I’m pretty sure there are lot of tutorials about mixing ObjectiveC with Swift in both ways. But most of them are covering only normal projects. If you have framework in which you need to mix both languages, you cannot create simple bridging header because you will hit “using bridging headers with framework targets is unsupported” error. What to do then?Continue reading

Getting “User interaction is not allowed” error in your build task? If yes, solution is very simple. Just login your build user (usually “jenkins”) via the GUI (which means VNC) and open Keychain Access. Select your signing private key, right-click, choose Get Info, change to the Access Control tab and select the “Allow all applications to access this item”.
Now error should be gone.

Sooner or later you will face with changing back button title in navigation bar. This may seem simple. But after few hours trying to change this damn text, you will change your mind. I have no idea why this is designed this way, but answer for question “How can I change back button text in current view controller?” is – you cannot. So how to do it without overriding whole navigation bar? All you have to do is change title of backBarButtonItem in PREVIOUS view controller. But there is another catch – you can’t just do :

self.navigationItem.backBarButtonItem.title = @"" 

becouse this won’t work. Instead of this, you need to:

UIBarButtonItem* backBarButtonItem = [[UIBarButtonItem alloc] initWithTitle:@"" style:UIBarButtonItemStylePlain target:nil action:nil];
self.navigationItem.backBarButtonItem = backBarButtonItem;

And keep in mind – this has to be done in PREVIOUS controller, not the one you need to change your back button text. The alternative is to give up on native back button and create your own with:

UIBarButtonItem *backButton = [[UIBarButtonItem alloc] initWithTitle:@"My back button" style:UIBarButtonItemStylePlain target:nil action:nil];
self.navigationItem.hidesBackButton = YES;
self.navigationItem.leftBarButtonItem = backButton;

This can seem trivial, but I saw lot of people complaining about not working tint color when using UIImage. Here is the proper way:

UIImageView *imageView = [[UIImageView alloc] init];
UIImage *image = [UIImage imageNamed:@"my_image"];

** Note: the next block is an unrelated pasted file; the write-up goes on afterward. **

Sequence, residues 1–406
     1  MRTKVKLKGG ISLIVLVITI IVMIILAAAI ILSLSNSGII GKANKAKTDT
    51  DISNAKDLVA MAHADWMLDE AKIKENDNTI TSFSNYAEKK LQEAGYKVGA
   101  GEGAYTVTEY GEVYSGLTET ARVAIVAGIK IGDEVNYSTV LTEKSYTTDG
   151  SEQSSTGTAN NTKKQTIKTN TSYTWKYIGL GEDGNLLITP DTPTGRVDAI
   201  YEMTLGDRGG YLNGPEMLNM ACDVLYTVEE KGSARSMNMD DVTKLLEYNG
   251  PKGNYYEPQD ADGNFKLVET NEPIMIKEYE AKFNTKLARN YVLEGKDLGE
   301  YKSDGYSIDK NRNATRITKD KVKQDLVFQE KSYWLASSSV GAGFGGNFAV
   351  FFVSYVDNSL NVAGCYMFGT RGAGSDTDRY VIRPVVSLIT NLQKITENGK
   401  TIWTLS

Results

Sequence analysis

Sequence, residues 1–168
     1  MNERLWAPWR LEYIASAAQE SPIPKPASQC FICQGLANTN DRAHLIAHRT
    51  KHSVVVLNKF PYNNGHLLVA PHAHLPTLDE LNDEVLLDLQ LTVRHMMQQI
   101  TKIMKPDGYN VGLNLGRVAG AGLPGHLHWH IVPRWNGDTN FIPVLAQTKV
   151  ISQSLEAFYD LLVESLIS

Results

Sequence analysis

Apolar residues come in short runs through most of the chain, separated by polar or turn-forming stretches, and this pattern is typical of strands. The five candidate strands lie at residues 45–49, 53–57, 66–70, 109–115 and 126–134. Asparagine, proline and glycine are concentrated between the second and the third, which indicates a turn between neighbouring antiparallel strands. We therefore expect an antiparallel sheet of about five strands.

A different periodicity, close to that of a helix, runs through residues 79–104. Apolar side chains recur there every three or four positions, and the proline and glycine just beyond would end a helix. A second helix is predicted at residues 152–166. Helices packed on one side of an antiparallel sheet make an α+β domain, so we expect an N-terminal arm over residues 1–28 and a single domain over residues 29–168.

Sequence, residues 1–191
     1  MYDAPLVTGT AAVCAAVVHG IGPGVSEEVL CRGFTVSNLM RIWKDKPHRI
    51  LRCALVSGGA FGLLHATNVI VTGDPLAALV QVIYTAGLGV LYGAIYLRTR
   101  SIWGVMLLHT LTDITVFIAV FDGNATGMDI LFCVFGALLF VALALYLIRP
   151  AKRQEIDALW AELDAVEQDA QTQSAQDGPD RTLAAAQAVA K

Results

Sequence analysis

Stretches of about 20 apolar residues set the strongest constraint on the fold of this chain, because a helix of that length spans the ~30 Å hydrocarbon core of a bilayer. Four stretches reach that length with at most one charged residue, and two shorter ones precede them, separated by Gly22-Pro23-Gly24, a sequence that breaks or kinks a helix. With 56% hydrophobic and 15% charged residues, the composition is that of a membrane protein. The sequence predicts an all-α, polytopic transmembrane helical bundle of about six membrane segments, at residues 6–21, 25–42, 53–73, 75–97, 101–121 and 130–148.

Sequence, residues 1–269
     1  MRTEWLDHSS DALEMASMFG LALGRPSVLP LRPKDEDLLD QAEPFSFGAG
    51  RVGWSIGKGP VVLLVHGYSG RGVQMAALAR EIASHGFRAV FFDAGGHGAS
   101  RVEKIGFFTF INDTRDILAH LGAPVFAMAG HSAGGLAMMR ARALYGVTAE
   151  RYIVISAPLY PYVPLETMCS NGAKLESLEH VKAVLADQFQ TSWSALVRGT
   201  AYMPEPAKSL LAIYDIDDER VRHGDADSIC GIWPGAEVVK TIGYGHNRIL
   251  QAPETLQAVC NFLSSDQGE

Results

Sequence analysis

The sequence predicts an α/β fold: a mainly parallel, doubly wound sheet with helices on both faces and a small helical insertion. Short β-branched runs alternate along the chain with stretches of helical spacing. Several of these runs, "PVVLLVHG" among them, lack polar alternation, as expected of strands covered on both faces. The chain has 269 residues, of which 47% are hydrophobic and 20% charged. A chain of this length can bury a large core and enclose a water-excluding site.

imageView.image = [image imageWithRenderingMode:UIImageRenderingModeAlwaysTemplate];
[imageView setTintColor:[UIColor redColor]];

The point is – “imageWithRenderingMode” method just returns new image with rendering mode set, it does not changes anything in image object itself.

If you are new to iOS programming this may take you a while to found out. But I’m here to help so will give you ready to use solution. So you have two (or more) view controllers (UIViewController) and one of them should show list of items, second one details of selected item? Well, solution depends on the way you are doing transitions betweeen controllers.

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Lot of people have same problem – they received developer kit, connected via USB-C to Mac and iTunes shows nothing. I saw lot of solutions, but only one of them is working. So what to do to make your brand new Apple TV visible in iTunes? Answer is… nothing. You can’t. It won’t yet recognize it. If you need to get UDID, just use XCode Devices (from XCode 7.1, not 7.0!) and you can get it easily. So far iTunes doesn’t seems to support new Apple TV yet.

When you need to quickly display NSArray what you do? Yes, NSLog(@”%@”, myarray), me too. But when you will do this on array fetched from CoreData what will you get? Well, something like:

So what is that? What is surprise – this is not an error, it is normal when you are fetching something, becouse of lazy loading – objects are not fully loaded until you need them. So what can we do? Just a little more work:

This way you will get your array properly displayed, the other way is to [request setReturnsObjectsAsFaults:NO] on your NSFetchRequest but if you will forget to remove it after testing your arrays will always be fully populated which can lead to memory warnings.